Generating uniform doubles in the unit interval

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Kevin M

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Apr 1, 2021, 10:22:39 AM4/1/21
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Hello, I was introduced to the method for generating a double in the interval [0,1) from a 64-bit int, outlined here, i.e.

double d = (x >> 11) * 0x1.0p-53;

I was wondering if someone could explain the choice of shift and exponent values here. According to the text:

A standard double (64-bit) floating-point number in IEEE floating point format has 52 bits of significand, plus an implicit bit at the left of the significand. Thus, the representation can actually store numbers with 53 significant binary digits.

So I can see that that's where 53 is coming from, and 11+53 = 64. But I really don't have a strong understanding of why this is justified. I notice that other values return a double in the same range, but I assume there's some quirk of floating-point that means that the above example gives the best results in some way?

Any help shedding light on this is much appreciated. Also, going off the same logic I assume that the following is the "correct" way of generating a float from a 32-bit int in the same way? Thanks!

float f = (x >> 8) * 0x1.0p-24f;

Sebastiano Vigna

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Apr 1, 2021, 12:50:50 PM4/1/21
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Il giorno giovedì 1 aprile 2021 alle 15:22:39 UTC+1 Kevin M ha scritto:

Hello, I was introduced to the method for generating a double in the interval [0,1) from a 64-bit int, outlined here, i.e.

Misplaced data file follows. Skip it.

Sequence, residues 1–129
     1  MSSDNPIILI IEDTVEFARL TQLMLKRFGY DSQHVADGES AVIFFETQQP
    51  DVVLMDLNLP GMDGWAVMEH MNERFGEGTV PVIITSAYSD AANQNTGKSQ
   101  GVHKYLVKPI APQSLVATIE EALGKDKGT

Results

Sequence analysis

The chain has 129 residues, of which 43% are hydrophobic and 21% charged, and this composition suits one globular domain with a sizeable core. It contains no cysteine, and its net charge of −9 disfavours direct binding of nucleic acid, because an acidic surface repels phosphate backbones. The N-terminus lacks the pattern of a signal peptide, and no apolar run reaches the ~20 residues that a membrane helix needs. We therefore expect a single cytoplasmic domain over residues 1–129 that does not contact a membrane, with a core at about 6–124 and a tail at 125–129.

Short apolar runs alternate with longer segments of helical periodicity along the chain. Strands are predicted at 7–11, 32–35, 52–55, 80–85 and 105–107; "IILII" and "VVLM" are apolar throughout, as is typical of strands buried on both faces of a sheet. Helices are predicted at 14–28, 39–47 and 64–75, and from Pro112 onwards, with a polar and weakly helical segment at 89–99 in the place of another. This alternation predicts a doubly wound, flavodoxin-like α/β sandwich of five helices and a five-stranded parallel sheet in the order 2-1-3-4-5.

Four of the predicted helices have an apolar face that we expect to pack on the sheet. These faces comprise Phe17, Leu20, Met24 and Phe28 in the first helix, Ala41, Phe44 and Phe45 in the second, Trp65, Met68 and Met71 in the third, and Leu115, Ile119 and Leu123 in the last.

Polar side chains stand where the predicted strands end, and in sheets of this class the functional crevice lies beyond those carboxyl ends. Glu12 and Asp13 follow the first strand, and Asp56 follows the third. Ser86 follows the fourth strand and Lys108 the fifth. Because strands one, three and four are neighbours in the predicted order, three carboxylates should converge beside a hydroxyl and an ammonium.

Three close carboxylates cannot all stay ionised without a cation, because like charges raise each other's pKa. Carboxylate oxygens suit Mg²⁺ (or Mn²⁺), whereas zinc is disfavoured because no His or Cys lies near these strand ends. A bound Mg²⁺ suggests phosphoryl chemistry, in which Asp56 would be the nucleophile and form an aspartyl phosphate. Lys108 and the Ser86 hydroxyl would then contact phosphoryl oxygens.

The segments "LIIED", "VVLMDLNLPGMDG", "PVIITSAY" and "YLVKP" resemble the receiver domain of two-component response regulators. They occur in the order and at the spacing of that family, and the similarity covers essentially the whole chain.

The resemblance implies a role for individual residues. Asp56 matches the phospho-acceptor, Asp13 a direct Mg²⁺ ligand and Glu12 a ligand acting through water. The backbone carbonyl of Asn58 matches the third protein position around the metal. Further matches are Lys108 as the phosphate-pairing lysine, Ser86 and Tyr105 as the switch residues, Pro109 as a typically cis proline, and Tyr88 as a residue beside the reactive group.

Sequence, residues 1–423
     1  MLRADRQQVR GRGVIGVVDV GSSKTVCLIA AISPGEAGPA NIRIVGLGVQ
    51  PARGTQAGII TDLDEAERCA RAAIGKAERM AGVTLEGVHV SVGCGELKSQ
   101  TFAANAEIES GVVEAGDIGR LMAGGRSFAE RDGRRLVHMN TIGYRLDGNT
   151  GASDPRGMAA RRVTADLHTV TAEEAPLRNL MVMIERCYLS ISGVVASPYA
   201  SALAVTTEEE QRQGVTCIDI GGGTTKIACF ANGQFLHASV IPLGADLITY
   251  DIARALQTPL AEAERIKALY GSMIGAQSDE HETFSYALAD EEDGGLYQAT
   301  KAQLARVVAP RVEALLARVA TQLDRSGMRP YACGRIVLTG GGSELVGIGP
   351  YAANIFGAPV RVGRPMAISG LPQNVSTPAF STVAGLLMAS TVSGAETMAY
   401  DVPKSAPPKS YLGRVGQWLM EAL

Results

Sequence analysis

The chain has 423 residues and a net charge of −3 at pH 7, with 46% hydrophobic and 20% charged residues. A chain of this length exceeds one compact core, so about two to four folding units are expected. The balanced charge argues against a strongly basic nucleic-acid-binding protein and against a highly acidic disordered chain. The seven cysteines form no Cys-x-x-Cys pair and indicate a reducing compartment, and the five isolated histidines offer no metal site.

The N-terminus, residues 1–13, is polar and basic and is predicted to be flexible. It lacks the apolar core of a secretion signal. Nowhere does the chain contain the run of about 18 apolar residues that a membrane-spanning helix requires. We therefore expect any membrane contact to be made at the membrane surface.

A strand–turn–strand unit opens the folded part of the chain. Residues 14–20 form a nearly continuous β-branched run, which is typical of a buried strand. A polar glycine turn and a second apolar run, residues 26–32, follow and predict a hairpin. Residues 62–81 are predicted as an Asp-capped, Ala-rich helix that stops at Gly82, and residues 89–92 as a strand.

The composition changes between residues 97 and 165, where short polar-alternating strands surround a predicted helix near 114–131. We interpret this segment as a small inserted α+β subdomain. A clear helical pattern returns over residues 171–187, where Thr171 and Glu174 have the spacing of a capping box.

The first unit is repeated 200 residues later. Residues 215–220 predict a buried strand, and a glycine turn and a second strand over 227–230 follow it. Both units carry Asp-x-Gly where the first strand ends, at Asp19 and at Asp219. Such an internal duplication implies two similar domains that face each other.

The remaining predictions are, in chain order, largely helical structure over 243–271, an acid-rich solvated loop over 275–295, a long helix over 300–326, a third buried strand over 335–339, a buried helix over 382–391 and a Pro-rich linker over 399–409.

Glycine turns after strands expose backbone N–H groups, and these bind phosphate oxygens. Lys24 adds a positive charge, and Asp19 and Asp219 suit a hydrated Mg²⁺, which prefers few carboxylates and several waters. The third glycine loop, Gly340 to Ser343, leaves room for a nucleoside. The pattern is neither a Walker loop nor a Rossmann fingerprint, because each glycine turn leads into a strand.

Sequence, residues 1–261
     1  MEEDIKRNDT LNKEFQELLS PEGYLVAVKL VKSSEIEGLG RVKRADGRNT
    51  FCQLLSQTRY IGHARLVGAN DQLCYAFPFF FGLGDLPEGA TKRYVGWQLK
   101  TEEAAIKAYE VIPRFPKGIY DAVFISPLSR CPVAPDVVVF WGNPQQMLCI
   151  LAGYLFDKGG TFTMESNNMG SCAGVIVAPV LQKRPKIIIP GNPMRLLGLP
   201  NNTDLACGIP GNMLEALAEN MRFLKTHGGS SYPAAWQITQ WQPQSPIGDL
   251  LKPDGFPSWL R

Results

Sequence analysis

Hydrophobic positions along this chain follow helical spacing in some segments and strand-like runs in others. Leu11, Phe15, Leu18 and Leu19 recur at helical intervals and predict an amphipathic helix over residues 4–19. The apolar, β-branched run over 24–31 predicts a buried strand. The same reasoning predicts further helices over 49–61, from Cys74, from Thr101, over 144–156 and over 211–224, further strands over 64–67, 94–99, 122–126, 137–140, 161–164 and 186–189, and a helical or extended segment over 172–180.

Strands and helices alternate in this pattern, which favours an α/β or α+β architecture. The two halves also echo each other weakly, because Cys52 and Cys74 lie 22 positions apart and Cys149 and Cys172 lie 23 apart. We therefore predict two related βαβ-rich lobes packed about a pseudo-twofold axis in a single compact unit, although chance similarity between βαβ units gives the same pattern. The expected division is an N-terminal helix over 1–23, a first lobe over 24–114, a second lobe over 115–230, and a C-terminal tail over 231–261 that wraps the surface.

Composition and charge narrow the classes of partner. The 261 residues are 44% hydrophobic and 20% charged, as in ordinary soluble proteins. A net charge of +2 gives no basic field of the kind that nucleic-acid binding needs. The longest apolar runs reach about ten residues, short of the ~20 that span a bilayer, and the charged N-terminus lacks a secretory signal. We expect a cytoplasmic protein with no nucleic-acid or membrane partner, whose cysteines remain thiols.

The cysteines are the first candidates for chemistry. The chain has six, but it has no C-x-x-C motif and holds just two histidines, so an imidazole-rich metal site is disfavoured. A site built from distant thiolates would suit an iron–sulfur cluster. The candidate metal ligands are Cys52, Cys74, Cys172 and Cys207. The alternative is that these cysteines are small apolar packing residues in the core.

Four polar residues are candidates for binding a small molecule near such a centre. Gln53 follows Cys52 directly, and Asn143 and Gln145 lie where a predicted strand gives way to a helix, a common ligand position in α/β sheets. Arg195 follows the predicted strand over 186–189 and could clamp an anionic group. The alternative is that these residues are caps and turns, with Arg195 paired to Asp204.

double d = (x >> 11) * 0x1.0p-53;

I was wondering if someone could explain the choice of shift and exponent values here. According to the text:

Well I think the page you linked explains everything. Frankly I cannot add anything...
 
float f = (x >> 8) * 0x1.0p-24f;

Yes.
 

Kevin M

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Apr 5, 2021, 7:28:09 AM4/5/21
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Well for example, why not use:

double d = x * 0x1.0p-64;

What errors/artifacts will this introduce over using the correct method? Thanks.

Sebastiano Vigna

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Apr 5, 2021, 8:41:02 AM4/5/21
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Il giorno lunedì 5 aprile 2021 alle 12:28:09 UTC+1 Kevin M ha scritto:
Well for example, why not use:

double d = x * 0x1.0p-64;

What errors/artifacts will this introduce over using the correct method? Thanks.

That some outputs will be more frequent than others. Using 53 bits guarantees that you get all 2^53 possible outputs equally likely.

Repeated outputs happen because you lose precision when converting to double. You might decide you're OK with those.

Kevin M

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Apr 6, 2021, 12:30:02 PM4/6/21
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Cool, thank you very much!

Sebastian Werhausen

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Apr 12, 2021, 6:14:14 AM4/12/21
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If I may join the discussion about something closely related: What would the correct code be to generate numbers on the closed interval, ie [0,1]? I'm having some trouble with that.

Sebastiano Vigna

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Apr 12, 2021, 3:19:21 PM4/12/21
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Il giorno lunedì 12 aprile 2021 alle 11:14:14 UTC+1 Sebastian Werhausen ha scritto:
If I may join the discussion about something closely related: What would the correct code be to generate numbers on the closed interval, ie [0,1]? I'm having some trouble with that.


I believe rejection is your only option if you want uniformity. Like, use the upper 54 bits, reject numbers strictly larger than 2^53 and divide by 2^53.

Why do you need to generate a uniform value in [0..1], if I may?
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